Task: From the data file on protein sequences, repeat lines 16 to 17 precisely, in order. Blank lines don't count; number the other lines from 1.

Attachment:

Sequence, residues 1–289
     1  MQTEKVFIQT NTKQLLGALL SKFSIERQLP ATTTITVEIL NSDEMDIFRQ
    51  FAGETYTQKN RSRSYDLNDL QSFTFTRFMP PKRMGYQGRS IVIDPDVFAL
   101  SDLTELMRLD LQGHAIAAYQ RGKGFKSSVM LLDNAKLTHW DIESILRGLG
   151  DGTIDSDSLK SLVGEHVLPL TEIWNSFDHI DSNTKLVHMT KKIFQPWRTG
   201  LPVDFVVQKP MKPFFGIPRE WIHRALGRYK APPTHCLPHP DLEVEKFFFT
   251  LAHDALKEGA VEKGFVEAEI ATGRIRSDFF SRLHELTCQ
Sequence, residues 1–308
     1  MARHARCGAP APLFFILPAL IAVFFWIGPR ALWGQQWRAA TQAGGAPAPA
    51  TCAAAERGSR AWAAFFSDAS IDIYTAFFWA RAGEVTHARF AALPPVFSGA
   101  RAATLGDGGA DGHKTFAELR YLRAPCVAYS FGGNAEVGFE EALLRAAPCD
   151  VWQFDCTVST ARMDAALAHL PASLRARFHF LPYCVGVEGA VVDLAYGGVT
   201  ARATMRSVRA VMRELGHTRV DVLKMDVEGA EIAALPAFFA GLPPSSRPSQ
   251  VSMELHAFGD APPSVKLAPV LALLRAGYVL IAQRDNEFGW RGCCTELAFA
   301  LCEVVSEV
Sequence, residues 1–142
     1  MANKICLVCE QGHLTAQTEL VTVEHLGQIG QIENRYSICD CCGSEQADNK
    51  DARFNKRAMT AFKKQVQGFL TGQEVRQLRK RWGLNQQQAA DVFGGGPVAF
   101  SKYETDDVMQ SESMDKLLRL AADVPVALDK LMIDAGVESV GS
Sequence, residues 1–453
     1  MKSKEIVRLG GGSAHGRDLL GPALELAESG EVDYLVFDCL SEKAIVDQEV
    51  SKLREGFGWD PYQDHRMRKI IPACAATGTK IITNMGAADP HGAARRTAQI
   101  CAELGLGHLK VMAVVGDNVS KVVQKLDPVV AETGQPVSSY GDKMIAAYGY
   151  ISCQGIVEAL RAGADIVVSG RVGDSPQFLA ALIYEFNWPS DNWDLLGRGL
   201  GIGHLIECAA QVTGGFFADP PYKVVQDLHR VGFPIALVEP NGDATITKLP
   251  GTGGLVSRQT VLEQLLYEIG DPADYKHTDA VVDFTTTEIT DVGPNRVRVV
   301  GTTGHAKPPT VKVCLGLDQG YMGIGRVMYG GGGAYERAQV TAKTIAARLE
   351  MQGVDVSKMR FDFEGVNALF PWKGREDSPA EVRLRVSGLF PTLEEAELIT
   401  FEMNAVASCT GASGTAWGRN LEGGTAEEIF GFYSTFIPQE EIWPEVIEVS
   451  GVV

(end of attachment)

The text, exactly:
Sequence, residues 1–142
     1  MANKICLVCE QGHLTAQTEL VTVEHLGQIG QIENRYSICD CCGSEQADNK